Return to Ridgecrest: The road to recovery

Return to Ridgecrest

RIDGECREST, Calif. (KGET)—It’s been six months since magnitude 6.4 and 7.1 earthquakes shook Ridgecrest to the core.

Located about two hours northeast of Bakersfield with a population of about 27,000, it’s a city of many people who say they feel forgotten.

For Bridget Scoggan, the trauma of the temblors haunts her every day.

Her mobile home at Trousdale Estates was completely destroyed.

“I was inside the house when it collapsed to the side,” she recalled. “It was going to be mine. I was buying it to own it.”

It’s now rocked beyond repair. Her furniture and almost all her belongings had to be left behind.

“The floor jacks came up from the ground. There’s big cracks on the wall and the ceiling,” she said. “It really hurts.”

Unfortunately, she’s not alone.

“There’s 30 mobile homes here in this park alone that went down, and people had to sign it over because there was no help,” Scoggan said.

Aid to Ridgecrest came and went as quickly as the earthquakes.

“We get reimbursed 75 percent of the cost to repair the infrastructure side of the city. Federally, nothing,” explained Ridgecrest Police Chief, Jed McLaughlin.

Federally, a city needs to suffer at least $50 million in damage to get aid. Ridgecrest did not.

“Total destruction really,” McLaughlin said. “Just because we didn’t meet that, it’s almost like a punishment that we didn’t.”

While public structures like roads and walls were fixed with money from the state, homes like Scoggan’s were not. Some small businesses were forced to close due to damage.

“I don’t think that’s fair,” McLaughlin said. “Being a rural community like us, I think the government should take that into consideration.”

“Rather than say, ‘you only had X million dollars worth of damage and you should’ve had Y,’ we said it should be based on the damage we have. That’s what we’re paying those taxes for,” said Ridgecrest mayor Peggy Breeden.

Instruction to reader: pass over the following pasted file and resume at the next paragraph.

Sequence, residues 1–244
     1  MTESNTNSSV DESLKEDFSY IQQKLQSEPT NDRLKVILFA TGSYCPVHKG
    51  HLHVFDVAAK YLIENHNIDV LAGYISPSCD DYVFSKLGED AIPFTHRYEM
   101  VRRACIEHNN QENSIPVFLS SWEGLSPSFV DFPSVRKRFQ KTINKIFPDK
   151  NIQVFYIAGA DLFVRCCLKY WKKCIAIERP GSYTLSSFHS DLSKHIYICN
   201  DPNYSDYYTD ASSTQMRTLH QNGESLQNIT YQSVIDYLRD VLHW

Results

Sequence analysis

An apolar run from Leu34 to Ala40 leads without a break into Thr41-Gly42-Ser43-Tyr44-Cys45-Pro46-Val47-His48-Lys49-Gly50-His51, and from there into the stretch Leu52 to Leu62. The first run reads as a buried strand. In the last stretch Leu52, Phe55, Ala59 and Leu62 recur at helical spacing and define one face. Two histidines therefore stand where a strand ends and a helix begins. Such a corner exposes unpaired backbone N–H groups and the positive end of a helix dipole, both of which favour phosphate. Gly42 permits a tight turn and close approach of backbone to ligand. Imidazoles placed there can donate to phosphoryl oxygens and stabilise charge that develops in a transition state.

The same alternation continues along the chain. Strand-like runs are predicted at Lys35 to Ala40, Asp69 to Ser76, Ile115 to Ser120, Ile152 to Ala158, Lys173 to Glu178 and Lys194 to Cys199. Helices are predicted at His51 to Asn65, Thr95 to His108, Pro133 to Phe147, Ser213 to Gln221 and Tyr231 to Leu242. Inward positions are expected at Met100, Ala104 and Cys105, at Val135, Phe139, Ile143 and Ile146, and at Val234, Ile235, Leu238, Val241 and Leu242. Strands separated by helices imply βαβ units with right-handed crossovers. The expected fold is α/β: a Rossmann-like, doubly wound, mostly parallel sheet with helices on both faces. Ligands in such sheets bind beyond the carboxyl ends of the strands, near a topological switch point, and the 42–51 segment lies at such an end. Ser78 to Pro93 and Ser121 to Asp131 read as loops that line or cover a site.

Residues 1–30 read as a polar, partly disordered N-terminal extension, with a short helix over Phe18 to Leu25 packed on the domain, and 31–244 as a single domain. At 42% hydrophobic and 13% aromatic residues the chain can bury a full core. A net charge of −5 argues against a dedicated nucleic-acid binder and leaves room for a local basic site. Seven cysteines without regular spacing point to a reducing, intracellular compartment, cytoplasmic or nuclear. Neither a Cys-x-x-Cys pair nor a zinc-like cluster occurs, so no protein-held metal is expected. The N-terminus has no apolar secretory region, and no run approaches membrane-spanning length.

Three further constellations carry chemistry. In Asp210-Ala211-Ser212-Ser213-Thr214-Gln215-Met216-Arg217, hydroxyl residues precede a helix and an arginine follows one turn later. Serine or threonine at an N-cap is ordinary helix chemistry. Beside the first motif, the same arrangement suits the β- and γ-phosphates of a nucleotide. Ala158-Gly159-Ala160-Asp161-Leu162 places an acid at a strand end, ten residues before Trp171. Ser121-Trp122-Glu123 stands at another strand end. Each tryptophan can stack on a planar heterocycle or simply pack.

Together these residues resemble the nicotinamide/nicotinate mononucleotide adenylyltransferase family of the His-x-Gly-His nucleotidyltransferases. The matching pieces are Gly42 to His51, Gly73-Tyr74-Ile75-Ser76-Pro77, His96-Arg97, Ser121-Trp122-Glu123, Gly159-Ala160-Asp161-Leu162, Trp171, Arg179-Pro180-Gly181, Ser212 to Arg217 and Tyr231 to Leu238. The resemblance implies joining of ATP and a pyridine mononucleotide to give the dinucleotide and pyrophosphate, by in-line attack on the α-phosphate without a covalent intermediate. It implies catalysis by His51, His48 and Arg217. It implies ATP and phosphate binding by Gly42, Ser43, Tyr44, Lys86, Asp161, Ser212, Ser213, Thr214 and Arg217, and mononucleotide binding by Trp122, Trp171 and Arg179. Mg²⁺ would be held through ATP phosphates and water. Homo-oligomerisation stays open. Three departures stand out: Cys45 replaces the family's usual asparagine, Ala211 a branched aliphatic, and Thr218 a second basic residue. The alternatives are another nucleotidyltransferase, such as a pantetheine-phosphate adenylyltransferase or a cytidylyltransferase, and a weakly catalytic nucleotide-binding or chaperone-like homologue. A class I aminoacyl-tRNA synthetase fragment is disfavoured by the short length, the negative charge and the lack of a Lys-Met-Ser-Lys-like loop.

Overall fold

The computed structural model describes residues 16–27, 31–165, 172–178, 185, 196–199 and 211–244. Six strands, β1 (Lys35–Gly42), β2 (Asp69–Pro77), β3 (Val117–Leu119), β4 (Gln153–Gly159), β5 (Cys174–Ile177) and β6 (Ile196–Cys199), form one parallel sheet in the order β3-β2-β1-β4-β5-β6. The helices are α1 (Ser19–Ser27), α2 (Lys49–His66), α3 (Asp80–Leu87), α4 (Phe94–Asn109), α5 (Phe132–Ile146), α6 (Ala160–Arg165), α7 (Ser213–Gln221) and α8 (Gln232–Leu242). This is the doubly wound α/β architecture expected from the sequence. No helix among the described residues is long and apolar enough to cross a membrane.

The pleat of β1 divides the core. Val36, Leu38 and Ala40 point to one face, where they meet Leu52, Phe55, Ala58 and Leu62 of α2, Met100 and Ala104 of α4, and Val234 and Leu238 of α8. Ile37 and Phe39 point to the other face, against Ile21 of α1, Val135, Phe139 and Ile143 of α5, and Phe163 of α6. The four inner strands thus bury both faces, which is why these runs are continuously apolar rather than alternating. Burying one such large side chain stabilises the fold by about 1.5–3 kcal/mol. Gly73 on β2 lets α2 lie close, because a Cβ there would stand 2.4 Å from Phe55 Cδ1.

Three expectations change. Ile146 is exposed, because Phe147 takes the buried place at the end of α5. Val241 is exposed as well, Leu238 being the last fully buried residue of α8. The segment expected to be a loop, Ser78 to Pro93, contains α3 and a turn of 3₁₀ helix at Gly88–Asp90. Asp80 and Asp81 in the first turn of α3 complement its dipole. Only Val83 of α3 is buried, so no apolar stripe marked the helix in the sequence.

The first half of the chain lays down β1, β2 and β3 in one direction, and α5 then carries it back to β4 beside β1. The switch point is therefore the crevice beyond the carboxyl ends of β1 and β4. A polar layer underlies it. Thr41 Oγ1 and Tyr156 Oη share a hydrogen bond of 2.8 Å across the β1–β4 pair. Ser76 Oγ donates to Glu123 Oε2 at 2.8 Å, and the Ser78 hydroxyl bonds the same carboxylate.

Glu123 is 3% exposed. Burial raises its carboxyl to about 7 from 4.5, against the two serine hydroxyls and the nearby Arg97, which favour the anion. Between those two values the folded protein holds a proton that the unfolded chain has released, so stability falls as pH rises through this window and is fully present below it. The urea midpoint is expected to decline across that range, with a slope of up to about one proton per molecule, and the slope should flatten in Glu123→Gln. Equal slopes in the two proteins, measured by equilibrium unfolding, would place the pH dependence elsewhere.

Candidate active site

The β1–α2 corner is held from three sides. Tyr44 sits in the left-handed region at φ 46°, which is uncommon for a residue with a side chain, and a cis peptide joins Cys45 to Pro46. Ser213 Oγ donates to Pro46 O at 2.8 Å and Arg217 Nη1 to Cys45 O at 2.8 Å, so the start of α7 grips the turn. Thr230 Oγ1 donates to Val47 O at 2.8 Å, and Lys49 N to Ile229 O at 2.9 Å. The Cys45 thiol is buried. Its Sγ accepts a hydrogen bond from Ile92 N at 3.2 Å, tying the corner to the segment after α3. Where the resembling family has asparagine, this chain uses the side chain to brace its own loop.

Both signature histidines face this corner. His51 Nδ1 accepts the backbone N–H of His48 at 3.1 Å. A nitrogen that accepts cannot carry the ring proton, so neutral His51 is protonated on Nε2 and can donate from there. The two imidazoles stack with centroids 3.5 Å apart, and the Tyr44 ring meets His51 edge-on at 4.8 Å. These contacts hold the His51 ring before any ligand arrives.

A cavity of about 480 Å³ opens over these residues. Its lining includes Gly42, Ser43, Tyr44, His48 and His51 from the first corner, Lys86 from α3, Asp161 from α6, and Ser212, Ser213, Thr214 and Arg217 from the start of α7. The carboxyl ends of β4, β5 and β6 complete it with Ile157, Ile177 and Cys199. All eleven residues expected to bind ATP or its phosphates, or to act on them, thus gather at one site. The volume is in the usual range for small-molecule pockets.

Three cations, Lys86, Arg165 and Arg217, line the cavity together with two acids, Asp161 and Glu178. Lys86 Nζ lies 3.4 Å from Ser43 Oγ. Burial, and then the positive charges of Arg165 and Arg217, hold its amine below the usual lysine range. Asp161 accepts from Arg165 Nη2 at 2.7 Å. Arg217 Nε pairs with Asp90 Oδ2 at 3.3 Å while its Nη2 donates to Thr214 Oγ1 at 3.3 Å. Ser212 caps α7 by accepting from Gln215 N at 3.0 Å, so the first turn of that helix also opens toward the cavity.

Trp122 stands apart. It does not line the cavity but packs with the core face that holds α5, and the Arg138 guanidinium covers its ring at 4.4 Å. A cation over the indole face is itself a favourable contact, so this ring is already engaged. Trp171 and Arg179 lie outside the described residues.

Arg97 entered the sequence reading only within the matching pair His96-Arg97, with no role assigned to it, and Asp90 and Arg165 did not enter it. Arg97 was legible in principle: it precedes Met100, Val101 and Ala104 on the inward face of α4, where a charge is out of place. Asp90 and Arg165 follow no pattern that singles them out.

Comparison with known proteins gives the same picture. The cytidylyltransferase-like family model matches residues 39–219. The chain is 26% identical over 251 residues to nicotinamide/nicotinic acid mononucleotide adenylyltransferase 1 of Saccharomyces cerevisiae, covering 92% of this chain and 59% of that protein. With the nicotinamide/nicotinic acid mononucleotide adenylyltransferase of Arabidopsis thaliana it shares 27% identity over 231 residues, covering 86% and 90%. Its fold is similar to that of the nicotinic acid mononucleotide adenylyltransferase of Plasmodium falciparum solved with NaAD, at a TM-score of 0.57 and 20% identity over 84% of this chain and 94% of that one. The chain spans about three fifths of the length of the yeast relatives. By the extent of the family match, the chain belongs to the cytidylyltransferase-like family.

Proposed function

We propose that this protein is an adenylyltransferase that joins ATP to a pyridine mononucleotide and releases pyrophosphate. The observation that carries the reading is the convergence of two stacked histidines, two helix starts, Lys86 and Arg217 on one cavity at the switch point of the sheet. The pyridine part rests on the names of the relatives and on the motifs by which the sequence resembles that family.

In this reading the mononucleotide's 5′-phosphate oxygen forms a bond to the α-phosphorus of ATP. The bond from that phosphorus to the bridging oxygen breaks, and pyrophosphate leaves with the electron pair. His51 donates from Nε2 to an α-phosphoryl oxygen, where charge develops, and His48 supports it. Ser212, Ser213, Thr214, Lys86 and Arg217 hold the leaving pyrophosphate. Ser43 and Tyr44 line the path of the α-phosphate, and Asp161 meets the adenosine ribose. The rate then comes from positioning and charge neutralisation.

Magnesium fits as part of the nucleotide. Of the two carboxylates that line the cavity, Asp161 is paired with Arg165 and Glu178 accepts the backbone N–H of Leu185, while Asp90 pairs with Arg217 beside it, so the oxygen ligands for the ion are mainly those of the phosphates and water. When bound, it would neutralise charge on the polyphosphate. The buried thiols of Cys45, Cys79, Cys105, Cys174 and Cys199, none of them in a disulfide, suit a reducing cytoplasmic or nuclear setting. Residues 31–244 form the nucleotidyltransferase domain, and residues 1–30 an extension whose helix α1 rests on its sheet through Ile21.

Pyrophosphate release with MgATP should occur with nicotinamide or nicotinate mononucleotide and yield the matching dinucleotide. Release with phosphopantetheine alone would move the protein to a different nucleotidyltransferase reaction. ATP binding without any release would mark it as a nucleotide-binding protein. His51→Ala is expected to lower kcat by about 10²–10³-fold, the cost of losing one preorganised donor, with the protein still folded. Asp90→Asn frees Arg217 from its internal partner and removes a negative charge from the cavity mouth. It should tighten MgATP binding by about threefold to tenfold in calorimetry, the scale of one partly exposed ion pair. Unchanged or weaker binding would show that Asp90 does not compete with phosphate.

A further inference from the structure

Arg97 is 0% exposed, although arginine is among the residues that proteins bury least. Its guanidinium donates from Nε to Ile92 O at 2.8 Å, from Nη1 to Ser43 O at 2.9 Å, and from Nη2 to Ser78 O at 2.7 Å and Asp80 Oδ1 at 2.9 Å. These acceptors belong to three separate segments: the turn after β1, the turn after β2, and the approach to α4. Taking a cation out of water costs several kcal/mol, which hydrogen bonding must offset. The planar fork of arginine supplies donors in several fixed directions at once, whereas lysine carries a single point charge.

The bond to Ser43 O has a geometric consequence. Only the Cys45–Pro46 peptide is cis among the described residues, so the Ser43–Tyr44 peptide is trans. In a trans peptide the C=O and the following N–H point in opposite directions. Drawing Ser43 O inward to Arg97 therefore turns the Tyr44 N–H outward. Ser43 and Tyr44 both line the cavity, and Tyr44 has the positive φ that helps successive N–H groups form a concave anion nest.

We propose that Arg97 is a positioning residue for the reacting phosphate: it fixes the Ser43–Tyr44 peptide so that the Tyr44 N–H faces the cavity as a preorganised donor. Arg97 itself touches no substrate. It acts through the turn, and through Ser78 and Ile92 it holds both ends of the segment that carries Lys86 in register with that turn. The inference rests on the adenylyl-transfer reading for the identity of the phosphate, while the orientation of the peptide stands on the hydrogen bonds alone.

It was the same dilemma of aid for the city’s only hospital.

“We had a lot of support in the way of people arranging for resources for us, but we’ve gotten no financial support from anybody,” explained Ridgecrest Regional Hospital CEO, Jim Suver.

Hit with a quarter-million dollars in water damage and no federal aid, the hospital had to take the money out of its reserves.

“It’s pretty much equal to a year’s worth of income,” Suver said. “We had to take it out of other programs that actually would’ve benefitted patient care in our community.”

Among those planned programs were a new emergency room and expanded mental health services, especially for people still suffering from earthquake PTSD.

Since July, there have been thousands of aftershocks, including hundreds strong enough to be felt, and dozens exceeding magnitude 3.0.

“Maybe to you it’s just a little one, but to me, it means I could either lose my home or give me a heart attack,” Scoggan said.

Despite the constant shaking, this isn’t rock bottom for Ridgecrest.

This community has found ways to lift each other up.

The local Lions Club is just one of many organizations that came together after the earthquakes.

With $60,000 from individual donors, the club helped house nearly 50 displaced families.

It partnered with the Grace Lutheran Church to buy Scoggan a new mobile home.

“We had people coming in and dropping off food. We had people dropping off water,” said Ridgecrest Lions Club member, Stephen Birdwell. “It’s nice to know that a town can actually come together no matter what. Religion, everything aside, they just put everything down.”

“Without them, I would not even have this. I would literally be in a dining room on an air mattress–or out on the streets,” Scoggan said.

As unfortunate as her situation is, Scoggan is one of the lucky ones.

“There’s a lot of people still suffering–a lot of people that are still homeless that can’t even afford motels anymore because the aid has stopped,” Scoggan added.

Six months after the earthquakes, a lot still needs fixing in Ridgecrest. However, the sentiment of resilience remains strong.

Mayor Breeden summed it up, “We take care of ourselves first. We can ask for help, we can seek other assistance, but everybody knows that we stand together. Ridgecrest rocks. We’ve said that over and over again.”

“Don’t forget Ridgecrest,” Scoggan said. “We may be a small town, but people are suffering still, and they need help.”

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